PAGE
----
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anonymous

  • one year ago

Solve (i+1)^21 without a calculator. I know the answer, but forgot how to do it.

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  1. Michele_Laino
    • one year ago
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    hint: we can write this: \[\Large 1 + i = \sqrt 2 {e^{i\pi /4}}\]

  2. anonymous
    • one year ago
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    Forgot to note: This question is supposed to be for Algebra II level math, I don't recall using that when I did it

  3. Michele_Laino
    • one year ago
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    sorry!

  4. anonymous
    • one year ago
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    My mistake :)

  5. Michele_Laino
    • one year ago
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    sincerely I don't know how to get the requested value without using the polar form of a complex number

  6. anonymous
    • one year ago
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    That's alright, thank you anyway

  7. Michele_Laino
    • one year ago
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    ok! :)

  8. triciaal
    • one year ago
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    |dw:1439160808076:dw|

  9. triciaal
    • one year ago
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    will that work for you?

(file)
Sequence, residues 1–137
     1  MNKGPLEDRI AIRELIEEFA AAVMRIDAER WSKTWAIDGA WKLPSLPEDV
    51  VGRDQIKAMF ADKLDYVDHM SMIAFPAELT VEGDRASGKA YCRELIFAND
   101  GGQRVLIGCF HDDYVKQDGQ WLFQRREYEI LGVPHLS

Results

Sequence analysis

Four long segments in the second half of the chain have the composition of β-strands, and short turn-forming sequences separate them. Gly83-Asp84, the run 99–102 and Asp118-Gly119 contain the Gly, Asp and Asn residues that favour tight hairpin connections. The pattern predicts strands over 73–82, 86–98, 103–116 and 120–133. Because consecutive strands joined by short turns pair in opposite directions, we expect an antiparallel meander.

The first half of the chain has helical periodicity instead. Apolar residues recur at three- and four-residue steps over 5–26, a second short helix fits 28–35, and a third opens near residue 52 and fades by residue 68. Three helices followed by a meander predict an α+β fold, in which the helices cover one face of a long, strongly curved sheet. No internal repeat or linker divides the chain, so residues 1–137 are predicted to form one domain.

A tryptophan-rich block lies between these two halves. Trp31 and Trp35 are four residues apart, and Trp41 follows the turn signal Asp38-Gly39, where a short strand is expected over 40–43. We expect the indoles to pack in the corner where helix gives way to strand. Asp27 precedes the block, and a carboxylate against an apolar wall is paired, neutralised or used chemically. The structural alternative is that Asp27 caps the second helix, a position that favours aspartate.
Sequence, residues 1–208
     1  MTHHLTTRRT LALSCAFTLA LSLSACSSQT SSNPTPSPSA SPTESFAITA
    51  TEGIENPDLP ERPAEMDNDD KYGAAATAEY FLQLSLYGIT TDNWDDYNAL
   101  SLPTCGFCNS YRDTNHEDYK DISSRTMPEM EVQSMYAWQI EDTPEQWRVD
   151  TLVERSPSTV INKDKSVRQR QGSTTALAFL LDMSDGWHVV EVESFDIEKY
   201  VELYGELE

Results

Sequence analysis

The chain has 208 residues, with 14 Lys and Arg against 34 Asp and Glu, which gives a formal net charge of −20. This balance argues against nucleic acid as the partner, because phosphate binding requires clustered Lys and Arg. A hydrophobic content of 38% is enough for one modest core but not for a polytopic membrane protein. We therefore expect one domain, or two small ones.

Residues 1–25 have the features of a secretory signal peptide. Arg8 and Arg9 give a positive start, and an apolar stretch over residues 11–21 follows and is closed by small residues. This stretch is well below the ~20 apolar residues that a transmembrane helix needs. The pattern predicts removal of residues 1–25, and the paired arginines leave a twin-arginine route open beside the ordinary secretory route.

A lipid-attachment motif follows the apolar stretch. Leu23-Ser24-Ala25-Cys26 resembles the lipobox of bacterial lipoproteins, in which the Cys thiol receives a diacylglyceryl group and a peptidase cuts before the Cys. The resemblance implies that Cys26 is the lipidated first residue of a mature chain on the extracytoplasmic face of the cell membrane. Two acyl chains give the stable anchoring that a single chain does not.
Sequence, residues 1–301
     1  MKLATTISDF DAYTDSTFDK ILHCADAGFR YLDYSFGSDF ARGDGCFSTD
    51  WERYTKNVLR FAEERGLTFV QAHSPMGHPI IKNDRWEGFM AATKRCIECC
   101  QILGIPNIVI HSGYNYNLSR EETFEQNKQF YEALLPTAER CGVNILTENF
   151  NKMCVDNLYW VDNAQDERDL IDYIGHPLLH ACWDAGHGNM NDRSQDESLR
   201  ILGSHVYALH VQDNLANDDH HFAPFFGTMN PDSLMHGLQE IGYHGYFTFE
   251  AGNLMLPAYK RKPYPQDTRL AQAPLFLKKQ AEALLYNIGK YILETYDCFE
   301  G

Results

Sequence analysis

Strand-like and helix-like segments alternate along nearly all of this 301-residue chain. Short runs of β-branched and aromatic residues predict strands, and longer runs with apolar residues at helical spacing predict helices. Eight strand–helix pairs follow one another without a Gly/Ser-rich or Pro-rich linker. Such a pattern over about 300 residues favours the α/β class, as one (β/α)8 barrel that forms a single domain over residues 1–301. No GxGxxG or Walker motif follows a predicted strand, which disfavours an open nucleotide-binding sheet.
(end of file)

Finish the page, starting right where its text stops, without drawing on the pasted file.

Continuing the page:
10. Michele_Laino
    • one year ago
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    another possible way is to use the binomial theorem of Newton, or the triangle of Tartaglia

  11. anonymous
    • one year ago
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    Thank you both for the help, triciaal for the Algebra II way and Michele_Laino for the more advanced concepts (:

  12. Michele_Laino
    • one year ago
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    :)

  13. triciaal
    • one year ago
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    you are welcome

  14. triciaal
    • one year ago
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    @Michele_Laino what is the triangle of Tartaglia? never heard of it. Is it the same as Pascal's Triangle?

  15. Michele_Laino
    • one year ago
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    yes! I think so the triangle of Tartaglia is: 1 1 1 1 2 1 1 3 3 1 and so on...

  16. triciaal
    • one year ago
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    Thanks yes Pascal's Triangle and Pascal was before Newton.

  17. Michele_Laino
    • one year ago
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    :)

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